As a little girl, you used to daydream about being a mother. Of course, you’d be married to a handsome man and have four perfect babies, two boys and two girls.
As you grew older, you hung on to the dream and always assumed when the time came, achieving that dream would be simple. One can therefore, imagine the surprise when you got married at 26 and realised achieving that dream was difficult.
Besides the emotional challenges and the stress it added to your relationship, there was also and still is the social stigma that comes along with barrenness.
Society stigmatises an infertile woman in total disregard of the causes. Some women, after going through an ectopic pregnancy, suffer infertility. Reproductive tract infections that are often sexually transmitted, postpartum complications or unsafe abortion practices can all lead to infertility. Or for no apparent reason, you are found infertile.
Although male infertility has been found to be the cause of a couple’s failure to conceive in about 50 per cent of cases, childless women suffer discrimination, stigma and ostracism. The stigma extends to the wider family, including siblings, parents and in-laws, who are deeply disappointed for the loss of continuity of their family and contribution to their community. This adds to the guilt and shame felt by the infertile person.
Braving the questions
It’s naturally expected that a couple will have children and if they don’t questions abound.
“When are you going to have a baby?” Or, “Don’t wait too long, your biological clock is ticking.” Or, “Do you not want children?”
Then gradually, everyone will seem to have a quick word of unsolicited advice. “Try to relax.” “Get more exercise.” “Change your diet.” “Lose weight.” “Gain weight.” “It’s God’s will.”
Most couples find it difficult to open up about their infertility due to the stigma. Those brave enough to share with family and friends are not spared. The questions and advice will change from “When are you having kids?” to “Just relax, it will happen when you least expect it.” Or, “You’re trying too hard.” Or, “Just have more sex!”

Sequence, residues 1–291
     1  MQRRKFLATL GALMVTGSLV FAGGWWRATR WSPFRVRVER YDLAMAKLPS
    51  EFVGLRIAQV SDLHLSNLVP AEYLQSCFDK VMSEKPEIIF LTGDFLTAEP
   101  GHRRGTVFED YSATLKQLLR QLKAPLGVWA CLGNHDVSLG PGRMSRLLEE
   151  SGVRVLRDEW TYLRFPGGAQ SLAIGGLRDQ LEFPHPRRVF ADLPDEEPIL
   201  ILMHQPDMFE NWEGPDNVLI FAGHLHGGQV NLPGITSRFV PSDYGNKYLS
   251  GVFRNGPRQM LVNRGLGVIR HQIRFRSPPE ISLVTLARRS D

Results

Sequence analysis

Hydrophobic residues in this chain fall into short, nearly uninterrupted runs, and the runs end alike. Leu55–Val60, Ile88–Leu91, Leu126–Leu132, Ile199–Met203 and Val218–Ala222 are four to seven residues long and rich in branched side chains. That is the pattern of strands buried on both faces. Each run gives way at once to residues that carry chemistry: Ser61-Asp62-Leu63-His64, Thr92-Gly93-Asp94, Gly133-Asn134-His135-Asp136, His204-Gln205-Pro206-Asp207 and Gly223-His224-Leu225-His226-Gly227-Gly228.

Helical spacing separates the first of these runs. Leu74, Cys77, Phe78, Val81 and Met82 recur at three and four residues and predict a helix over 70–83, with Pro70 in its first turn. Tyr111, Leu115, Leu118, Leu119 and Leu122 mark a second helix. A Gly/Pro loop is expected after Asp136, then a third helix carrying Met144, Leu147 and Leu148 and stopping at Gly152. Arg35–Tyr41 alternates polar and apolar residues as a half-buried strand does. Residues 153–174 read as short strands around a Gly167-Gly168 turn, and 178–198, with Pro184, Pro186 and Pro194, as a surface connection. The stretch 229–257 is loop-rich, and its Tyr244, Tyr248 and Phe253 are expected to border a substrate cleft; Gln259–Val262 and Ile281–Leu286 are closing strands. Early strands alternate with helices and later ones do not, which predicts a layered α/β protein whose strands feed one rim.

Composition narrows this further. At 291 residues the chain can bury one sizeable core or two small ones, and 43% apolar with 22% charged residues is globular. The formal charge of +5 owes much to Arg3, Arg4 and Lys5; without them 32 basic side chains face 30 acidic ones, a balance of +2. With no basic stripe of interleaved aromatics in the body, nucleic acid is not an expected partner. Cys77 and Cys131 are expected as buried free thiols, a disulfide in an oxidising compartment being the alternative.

Infertile women also stigmatise themselves. With pressure from friends, families, even spouses, their careers, the media, they judge themselves thus: What went wrong? How could I have done something differently? What did I do to deserve it? They feel broken and worry about what other people think about them. They carry the stigma of failing to do one of the most basic human functions every day.
Reproduction through technology
Thankfully, we live in an era of assisted reproduction where there are many options for such couples. The infertile woman especially those with problems such as blocked or severely scarred fallopian tubes where surgical tubal repair is either not successful or not advisable, In Vitro Fertilisation (IVF) can help. This technology enables eggs to be fertilised directly by sperm outside the woman’s body, without the egg or sperm having to pass through a blocked tube. The fertilised embryo is then transferred back into the woman’s uterus. Unfortunately, this technology is not affordable for most women and in general, infertility services are not widely available.
If you are childless, take heart, you aren’t alone. Be brave enough to share your pain and strong enough to seek help instead of building a wall around yourself. Rejoice in your talents and have pride in your achievements. The ideal thing is to never lose hope.
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